This film showcases legendary running coach Arthur Lydiard's training methods, through some of his most famous pupils — including John Walker and Heather Thompson. 'Arthur's boys' (Peter Snell, Murray Halberg, Barry Magee) scored attention by winning unheralded medals at the 1960 Rome Olympics. Lydiard later led the 'flying Finns' to similar success. His method revolves around long runs that build stamina to complement speed. It was influential in popularising jogging globally. A highlight of the footage is Jack Foster's exhilarating descent of a steep scree slope.
This film documents Auckland's Round the Bays run. In 1980 jogging was booming, with coach Arthur Lydiard and a band of Olympic champs (Snell, Walker, etc) inspiring the way. Here, participants run and reflect, from a blind runner, to children and an army squad. Slo-mo sweat, sinew and samba shots frame the 70,000 runners as members of an infectious cult chasing the piper around the waterfront. Adidas, terry towelling and facial hair make the film a relaxed 70s update on Olympiad; directed by Sam Pillsbury it won awards at Chicago and Torino festivals.
In this documentary, writer and satirist Peter Hawes crosses the Bombay Hills border in his Morris van to record his take on mid 1980s Auckland. Pocked with as many puns as Auckland has volcanic craters, Hawes' profile is a sprawling, breezy look at New Zealand's largest city: from a Chase Corporation high rise to shearing sheep in Cornwall Park; from Eden Park to Bastion Point. Interviews (with politicians, sportspeople, gossip columnists, strip club fashion designers) are mixed with skits covering jogging, bridge building, shipwrecks, multiculturalism and sewers.
This 2016 short film follows a young woman (Florence Noble, from The Jaquie Brown Diaries) as she deals with debilitating panic attacks. On a road trip to a beach party, a friend (Jordan Vaha’akolo) sympathises with her struggles. Later he comes around for a cuppa to be there for her. Director Rachel Ross based the story on her personal experience of severe anxiety. "I was shocked to hear that people were struggling as severely as I was but kept it quiet. They were ashamed. It was this journey and realisation that catapulted the premise of this short film."
Ask Country Calendar viewers which shows they remember and inevitably the answer is "the spoofs" — satirical episodes that screened unannounced. Sometimes there was outrage but mostly the public enjoyed having the wool pulled over their eyes. Created by producer Tony Trotter and Bogor cartoonist Burton Silver, the first (in late 1977) was the fencing wire-playing farmer and his "rural music". This special episode collects the best of the spoofs, from the infamous radio-controlled dog, to the gay couple who ran a "stress-free" flock, and more malarkey besides.
This 1985 New Zealand tourism promo showcases Aotearoa society and industry. As the title suggests, the NFU-made film offers an impressionistic take on the subject. Bookended by a dawn and dusk chorus, the narration-free survey cuts between primary products (milk, logs, wool etc) and their manufacturing processes, and then shows people at work and play — from futures traders to pounamu carvers, contemporary dancers to cricketers. Date stamps of the era include a mass aerobics class, hydroslide action, and saxophone and guitar solos on the soundtrack.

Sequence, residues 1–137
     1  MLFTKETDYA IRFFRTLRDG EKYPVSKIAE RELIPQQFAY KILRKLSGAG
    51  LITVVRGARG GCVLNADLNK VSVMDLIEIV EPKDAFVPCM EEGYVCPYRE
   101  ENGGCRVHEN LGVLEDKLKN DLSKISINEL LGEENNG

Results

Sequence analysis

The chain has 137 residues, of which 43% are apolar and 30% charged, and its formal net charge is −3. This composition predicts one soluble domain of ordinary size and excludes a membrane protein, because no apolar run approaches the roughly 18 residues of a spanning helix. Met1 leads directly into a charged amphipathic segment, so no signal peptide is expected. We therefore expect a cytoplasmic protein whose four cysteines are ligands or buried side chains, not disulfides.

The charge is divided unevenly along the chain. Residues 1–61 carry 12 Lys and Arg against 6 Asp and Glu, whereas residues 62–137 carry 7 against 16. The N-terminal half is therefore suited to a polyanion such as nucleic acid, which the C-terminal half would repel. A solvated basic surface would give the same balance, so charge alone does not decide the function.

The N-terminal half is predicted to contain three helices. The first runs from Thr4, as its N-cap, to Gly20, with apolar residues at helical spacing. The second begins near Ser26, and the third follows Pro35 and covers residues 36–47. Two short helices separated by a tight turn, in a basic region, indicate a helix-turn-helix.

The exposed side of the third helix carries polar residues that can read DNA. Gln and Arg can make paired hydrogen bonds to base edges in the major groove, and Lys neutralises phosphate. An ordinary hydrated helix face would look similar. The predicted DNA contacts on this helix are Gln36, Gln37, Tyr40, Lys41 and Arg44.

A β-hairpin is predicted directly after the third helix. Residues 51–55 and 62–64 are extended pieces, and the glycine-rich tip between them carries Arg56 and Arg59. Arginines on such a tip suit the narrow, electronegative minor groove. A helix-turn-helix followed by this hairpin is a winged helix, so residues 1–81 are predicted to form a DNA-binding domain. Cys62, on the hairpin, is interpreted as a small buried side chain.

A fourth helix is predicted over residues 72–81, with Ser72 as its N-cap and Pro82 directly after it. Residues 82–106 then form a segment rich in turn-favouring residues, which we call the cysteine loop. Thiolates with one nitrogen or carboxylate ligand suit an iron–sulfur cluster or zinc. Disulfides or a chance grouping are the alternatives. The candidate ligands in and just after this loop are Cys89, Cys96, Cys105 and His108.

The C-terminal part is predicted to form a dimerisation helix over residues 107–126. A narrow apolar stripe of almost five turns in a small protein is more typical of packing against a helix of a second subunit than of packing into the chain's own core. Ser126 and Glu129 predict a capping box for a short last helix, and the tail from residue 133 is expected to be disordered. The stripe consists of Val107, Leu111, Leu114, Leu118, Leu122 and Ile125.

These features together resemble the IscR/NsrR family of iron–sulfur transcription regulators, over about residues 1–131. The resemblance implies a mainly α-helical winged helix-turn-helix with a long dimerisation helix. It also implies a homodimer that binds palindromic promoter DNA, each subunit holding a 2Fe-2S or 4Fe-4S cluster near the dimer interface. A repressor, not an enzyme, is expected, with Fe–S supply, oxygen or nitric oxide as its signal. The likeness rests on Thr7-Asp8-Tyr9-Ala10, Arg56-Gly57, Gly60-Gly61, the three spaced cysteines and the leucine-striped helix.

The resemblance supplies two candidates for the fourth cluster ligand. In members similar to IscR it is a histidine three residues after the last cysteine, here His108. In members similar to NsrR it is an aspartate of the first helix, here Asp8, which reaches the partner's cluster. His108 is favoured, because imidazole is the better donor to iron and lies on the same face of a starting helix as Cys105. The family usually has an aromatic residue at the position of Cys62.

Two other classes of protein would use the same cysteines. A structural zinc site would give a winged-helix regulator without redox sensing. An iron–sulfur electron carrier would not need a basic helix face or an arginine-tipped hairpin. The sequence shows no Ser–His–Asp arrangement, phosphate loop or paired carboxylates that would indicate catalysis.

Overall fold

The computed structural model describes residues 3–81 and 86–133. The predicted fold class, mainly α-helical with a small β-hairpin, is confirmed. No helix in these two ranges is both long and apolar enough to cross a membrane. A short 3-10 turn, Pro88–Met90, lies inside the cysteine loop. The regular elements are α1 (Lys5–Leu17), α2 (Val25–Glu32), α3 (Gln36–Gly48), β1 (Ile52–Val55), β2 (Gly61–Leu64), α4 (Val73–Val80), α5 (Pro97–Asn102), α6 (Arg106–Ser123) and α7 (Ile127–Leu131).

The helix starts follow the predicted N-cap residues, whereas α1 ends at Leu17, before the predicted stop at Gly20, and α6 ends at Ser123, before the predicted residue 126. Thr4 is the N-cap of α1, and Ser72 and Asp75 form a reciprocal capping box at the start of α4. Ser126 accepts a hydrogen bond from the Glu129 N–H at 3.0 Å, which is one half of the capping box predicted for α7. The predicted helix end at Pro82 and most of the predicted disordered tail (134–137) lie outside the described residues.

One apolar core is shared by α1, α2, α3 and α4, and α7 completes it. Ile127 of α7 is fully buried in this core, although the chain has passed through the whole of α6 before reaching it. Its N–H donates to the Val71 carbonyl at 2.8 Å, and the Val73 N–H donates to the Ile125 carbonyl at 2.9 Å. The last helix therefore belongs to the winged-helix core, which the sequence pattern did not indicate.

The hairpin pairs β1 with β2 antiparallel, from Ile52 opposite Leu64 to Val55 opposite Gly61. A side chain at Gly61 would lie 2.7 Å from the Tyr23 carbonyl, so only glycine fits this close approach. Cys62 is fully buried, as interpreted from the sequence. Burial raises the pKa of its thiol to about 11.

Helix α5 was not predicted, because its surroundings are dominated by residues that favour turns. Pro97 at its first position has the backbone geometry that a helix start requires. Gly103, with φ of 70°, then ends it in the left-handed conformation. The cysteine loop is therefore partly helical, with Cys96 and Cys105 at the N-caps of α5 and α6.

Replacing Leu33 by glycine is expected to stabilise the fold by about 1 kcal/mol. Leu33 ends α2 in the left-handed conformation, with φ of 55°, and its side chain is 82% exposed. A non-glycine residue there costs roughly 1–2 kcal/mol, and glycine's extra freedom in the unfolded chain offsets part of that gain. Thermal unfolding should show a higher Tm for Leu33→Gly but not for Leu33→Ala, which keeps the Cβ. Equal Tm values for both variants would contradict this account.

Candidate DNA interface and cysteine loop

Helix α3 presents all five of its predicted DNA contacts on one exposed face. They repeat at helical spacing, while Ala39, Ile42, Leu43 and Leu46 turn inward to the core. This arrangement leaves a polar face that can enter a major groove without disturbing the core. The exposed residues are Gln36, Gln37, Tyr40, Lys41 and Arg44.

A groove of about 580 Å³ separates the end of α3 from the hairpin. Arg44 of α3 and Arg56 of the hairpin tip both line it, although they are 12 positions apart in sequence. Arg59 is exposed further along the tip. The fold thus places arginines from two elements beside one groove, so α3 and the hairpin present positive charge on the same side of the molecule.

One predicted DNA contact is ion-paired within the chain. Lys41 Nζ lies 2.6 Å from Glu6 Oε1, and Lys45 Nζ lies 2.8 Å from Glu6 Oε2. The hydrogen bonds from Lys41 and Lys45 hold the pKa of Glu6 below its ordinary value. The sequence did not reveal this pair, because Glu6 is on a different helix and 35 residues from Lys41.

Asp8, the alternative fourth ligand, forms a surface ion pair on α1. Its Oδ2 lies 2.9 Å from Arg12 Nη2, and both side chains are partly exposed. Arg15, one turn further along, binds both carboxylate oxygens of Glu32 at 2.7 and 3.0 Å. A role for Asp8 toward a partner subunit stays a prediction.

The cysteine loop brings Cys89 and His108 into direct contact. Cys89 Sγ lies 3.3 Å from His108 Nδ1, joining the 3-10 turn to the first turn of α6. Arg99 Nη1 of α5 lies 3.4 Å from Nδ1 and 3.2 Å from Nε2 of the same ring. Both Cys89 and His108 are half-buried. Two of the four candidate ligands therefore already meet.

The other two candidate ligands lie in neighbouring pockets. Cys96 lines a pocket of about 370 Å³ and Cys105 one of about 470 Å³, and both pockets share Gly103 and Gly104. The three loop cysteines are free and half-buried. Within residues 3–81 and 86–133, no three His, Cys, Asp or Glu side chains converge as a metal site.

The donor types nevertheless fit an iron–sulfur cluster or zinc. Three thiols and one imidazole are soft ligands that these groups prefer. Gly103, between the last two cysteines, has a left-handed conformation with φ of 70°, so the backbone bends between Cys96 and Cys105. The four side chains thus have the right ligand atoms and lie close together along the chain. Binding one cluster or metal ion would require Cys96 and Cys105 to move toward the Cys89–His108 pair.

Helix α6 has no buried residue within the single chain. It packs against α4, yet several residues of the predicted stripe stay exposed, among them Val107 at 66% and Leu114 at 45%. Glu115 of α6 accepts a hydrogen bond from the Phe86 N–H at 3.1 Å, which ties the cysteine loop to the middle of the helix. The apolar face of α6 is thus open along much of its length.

Brit MP Austin Mitchell began his career as a lecturer and broadcaster in New Zealand, back in the 1960s. He went on to write about Aotearoa in classic 1972 book The Half Gallon Quarter Acre Pavlova Paradise. In this final part of his 2002 return to Godzone, Mitchell takes Auckland's pulse in a pre-Supercity era, with John Banks as mayor and the America’s Cup in the cabinet. He also examines music and sport. The series ends with musings on Kiwi identity from Helen Clark, Sam Neill, and Michael King. Look out for a young Valerie Adams roughly 4 minutes 30 seconds into clip four.
This instructional film for runners — fronted by Olympic 5000m silver medallist and world record holder Dick Quax — looks at implementing the techniques of coach Arthur Lydiard. From fostering world champions on Waitakere hills, Lydiard's method evolved into a system of building stamina to complement speed. Quax, Dr Peter Snell and other Lydiard protégés look at the science and practice, from training — the high mileage mantra, fartleks, catapults — to race-day strategy: front-running and 'the kick' (with John Walker's 1976 1,500m Olympic win used as an example).
In the first 10 minutes of this TV3 comedy, Axl (Emmett Skilton) has a close shave outside the bottle store on the eve of his 21st birthday, but that’s nothing compared to the meteors, earthquake and a blood red Mission Bay that follow. By episode end Axl learns that he and his Kiwi bloke older brothers are also … Norse gods. From Outrageous Fortune creators James Griffin and Rachel Lang, the light-hearted lad fantasy saga gained a loyal following and — in a rare example of an NZ TV export to the US — the three series screened on the SyFy channel from July 2014.
TV series The Deep End saw reporter Bill Manson trying his hand at a variety of tasks, from female impersonator to Robinson Crusoe to captaining a navy frigate. In this episode, Manson is given six weeks to get in shape for a pro wrestling bout. To prepare himself for the dangerous job, 12 stone Manson hits the weights, grapples with wrestling legend Steve Rickard (On the Mat) and works with an acting tutor, barber and promoters on his onstage persona: ‘Doctor Mindbender’. “The thing that scares me," he says, "is just breaking my neck…”